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Unusual, but Authentic: The Perfect Photo

  • Silvia Koch
  • June 30, 2019

On July 16, 2010, Instagrams CEO and co-founder Kevin Systrom posted the first photo on the social app. To date, over 40 billion photos have been shared according to Brandwatch.com. For many users, photography is a part of their everyday life - a kind of lifestyle. Social media are a competitive arena for the best photo, the most likes and the most followers. Franz Sußbauer has tips for you on how to get the most out of your landscape photo.


Franz Sußbauer is a calm character. He is friendly and reserved. Not as if he wanted to be the centre of attention. But when he talks about photography, you can clearly feel that this art is his passion. Actually, he is an architect, but with his photos he has become a semi-professional and has been invited to several exhibitions. He started out like any hobby photographer: out of fun with (outdoor) motifs. He has six tips for you on how to create the perfect landscape photo.

1. Show What You Really Want to Show

A photo should always focus on what you really want to present.

If the motive is too small, you might have been too far away. The motto is, move! Try out which angle, which distance is the best. Over time you will discover some positions that work well again and again. 

You want to show the fire? Make sure, you see the flames.
Image credit: Franz Sußbauer

The upper image focuses on the colors of the sky. The smoke of the fire is rather in the background and hardly recognizable. In the following photo, not only the mood is different, but also the focus is clearly on the theme of the picture: A fire in the middle of the city.

In this photo the situation becomes clear: The black smoke of the fire catches the eye immediately.
Image credit: Franz Sußbauer

Franz Sußbauer took the photo of the fire on a journey through the Caribbean. The picture was taken in the capital of Cuba, Havana. The following pictures were taken in a rural area of Cuba.

Image credit: Franz Sußbauer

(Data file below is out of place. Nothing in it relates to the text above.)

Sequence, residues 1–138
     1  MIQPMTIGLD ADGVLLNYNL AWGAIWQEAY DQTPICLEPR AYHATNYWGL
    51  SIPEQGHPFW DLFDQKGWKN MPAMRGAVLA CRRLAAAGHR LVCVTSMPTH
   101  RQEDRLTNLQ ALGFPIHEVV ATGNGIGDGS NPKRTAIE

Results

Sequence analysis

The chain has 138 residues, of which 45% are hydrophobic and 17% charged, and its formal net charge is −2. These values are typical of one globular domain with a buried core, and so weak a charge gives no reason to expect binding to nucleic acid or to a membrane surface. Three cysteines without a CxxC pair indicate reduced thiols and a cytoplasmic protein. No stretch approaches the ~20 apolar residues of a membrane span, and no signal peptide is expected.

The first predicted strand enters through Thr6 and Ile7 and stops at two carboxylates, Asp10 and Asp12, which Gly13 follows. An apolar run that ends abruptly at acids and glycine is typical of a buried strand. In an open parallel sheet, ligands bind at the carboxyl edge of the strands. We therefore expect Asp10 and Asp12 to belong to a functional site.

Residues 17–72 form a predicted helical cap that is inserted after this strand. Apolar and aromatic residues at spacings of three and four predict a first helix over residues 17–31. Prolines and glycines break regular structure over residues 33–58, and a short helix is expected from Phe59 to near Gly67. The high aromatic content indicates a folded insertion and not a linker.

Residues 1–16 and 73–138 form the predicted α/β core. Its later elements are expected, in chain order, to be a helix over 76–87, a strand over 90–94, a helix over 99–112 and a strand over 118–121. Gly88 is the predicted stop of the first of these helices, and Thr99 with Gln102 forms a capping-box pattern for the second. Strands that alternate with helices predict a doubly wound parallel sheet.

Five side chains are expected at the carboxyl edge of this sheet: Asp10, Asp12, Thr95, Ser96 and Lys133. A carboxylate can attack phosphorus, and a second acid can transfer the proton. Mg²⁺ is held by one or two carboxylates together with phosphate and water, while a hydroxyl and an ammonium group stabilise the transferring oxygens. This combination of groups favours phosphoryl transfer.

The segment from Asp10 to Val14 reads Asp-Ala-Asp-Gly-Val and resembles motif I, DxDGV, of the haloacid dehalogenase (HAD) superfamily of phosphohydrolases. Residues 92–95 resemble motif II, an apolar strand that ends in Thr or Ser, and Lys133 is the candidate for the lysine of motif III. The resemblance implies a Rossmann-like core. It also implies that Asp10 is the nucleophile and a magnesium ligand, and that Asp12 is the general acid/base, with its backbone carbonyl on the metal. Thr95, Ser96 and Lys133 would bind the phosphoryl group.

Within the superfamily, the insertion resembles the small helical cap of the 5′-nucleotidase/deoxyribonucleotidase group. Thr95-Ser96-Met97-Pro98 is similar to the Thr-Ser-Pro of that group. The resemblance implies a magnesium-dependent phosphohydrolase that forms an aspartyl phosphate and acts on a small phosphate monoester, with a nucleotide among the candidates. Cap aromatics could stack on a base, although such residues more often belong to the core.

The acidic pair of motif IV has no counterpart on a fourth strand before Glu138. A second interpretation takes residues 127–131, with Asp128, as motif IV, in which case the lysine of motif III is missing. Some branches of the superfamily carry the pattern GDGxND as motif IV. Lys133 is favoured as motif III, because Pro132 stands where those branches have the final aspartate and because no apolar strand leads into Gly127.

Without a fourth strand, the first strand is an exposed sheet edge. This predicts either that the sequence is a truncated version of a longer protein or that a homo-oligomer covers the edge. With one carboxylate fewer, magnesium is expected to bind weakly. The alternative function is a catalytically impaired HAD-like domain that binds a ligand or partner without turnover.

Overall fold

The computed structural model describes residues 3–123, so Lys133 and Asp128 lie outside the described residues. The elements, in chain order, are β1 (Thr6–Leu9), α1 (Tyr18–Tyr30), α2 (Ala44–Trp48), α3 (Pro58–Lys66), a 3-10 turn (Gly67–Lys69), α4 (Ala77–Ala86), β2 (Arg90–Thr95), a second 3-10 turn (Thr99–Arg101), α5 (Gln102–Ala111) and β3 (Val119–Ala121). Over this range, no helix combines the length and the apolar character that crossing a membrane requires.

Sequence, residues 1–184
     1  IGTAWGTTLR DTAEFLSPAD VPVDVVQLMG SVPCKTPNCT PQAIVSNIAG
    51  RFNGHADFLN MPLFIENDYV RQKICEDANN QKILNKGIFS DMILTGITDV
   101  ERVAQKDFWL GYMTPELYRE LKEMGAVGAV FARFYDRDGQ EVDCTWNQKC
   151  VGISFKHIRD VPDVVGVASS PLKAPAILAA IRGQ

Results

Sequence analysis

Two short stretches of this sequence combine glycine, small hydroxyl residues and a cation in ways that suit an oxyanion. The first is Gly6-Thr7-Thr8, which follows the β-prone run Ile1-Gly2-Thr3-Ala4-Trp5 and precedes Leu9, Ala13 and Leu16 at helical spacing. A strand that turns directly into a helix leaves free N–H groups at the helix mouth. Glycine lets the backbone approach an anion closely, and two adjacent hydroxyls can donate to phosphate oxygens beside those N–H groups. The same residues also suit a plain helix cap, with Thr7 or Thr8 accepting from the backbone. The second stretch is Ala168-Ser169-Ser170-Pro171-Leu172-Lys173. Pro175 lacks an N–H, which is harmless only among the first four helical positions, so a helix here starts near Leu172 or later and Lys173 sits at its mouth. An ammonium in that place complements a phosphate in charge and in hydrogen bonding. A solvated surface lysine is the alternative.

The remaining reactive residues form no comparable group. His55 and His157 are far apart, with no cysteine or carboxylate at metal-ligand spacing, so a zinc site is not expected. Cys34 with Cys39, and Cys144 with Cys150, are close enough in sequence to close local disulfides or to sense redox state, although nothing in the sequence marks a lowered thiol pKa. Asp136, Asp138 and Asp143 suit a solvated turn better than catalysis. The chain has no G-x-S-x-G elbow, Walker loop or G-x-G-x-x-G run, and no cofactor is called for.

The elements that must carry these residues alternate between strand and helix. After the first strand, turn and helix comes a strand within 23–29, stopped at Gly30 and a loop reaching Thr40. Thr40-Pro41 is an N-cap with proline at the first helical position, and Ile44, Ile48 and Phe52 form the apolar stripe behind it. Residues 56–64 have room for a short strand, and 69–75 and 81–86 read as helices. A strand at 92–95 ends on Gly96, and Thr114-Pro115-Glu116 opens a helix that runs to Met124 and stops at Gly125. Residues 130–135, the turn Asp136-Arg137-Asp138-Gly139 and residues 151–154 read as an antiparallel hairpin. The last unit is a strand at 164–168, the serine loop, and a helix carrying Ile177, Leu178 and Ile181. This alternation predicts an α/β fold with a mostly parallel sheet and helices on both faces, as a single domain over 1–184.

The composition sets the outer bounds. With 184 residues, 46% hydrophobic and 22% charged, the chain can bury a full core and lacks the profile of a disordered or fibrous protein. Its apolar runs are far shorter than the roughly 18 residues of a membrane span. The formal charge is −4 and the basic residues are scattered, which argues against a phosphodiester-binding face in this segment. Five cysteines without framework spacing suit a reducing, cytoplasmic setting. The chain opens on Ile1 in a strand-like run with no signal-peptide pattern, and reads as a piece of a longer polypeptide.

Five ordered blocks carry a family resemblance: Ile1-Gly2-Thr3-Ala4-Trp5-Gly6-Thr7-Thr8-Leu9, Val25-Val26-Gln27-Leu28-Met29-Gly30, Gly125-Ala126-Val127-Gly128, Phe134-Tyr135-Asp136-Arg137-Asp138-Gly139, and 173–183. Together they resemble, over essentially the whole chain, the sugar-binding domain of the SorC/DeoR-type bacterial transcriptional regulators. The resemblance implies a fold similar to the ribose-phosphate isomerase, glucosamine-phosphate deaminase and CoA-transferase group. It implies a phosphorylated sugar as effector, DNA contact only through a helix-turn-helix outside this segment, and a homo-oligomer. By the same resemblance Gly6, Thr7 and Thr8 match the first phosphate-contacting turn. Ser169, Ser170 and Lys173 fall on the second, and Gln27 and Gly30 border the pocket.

The contrast couldn't be clearer: The first photo was taken with a half total. In the second picture the animal is in the foreground. Thus it becomes clear what it is about and the photo looks more alive at the same time.

Image credit: Franz Sußbauer

2. It Doesn't Matter Which Camera You Use

As long as you've got one! You can also take excellent and expressive pictures with your mobile phone. The only important thing is that the external conditions are right. Only night photography is difficult with most mobile phone cameras. The image noise is often too strong.

3. Makes Your Picture Interesting

Try to make your photo special somehow. An easy way is to get in a special position. Photograph your motif while lying down, kneeling, squatting or climbing up somewhere. A few leaves in the foreground often make a picture look more alive.

Image credit: Franz Sußbauer
Same, same, but different. In the first picture, the Three Peaks in the Dolomites are photographed from a standard perspective. The second photo has a different effect. The reflection in the water, which the photographer was able to capture from a different perspective, makes the photo exciting.
Image credit: Franz Sußbauer

4. Tip for Beginners: Work with One Focal Length Only

If you fancy more expensive equipment, Sußbauer recommends beginners to work with only one focal length for one month. For example with a focal length of 50 mm or 100 mm. The idea: The photographer becomes more creative because he has to move.

5. Between 10 and 3 Photographers Take a Break

This is mainly true for landscape photography. In the morning and evening, you can capture the more interesting light moods. When the sun is at its highest at noon, the successful photographer usually has a siesta. The following picture shows the importance of the right time.

Franz Sußbauer knows from his own experience: "If you want to capture the perfect light, you have to get up at 3 o'clock in the morning to get to the photo spot in time. The ambitious photographer has even spent the night on a sleeping mat in the mountains so he would not to miss the sunrise.

Landscape photography depends not only on the weather, but also on the time of day. This lighting mood confirms the rule of thumb: Between 10 and 3, photographers should take a break.
Image credit: Franz Sußbauer

6. When the Sun Shines, Use Aperture Eight

This rule-of-thumb comes from the days of analog photography, when everything had to be set manually. For aperture eight, 1/125 sec exposure time was set at 100 ASA (today ISO) and you had a well exposed photo. This set-up is also a good guideline for digital cameras.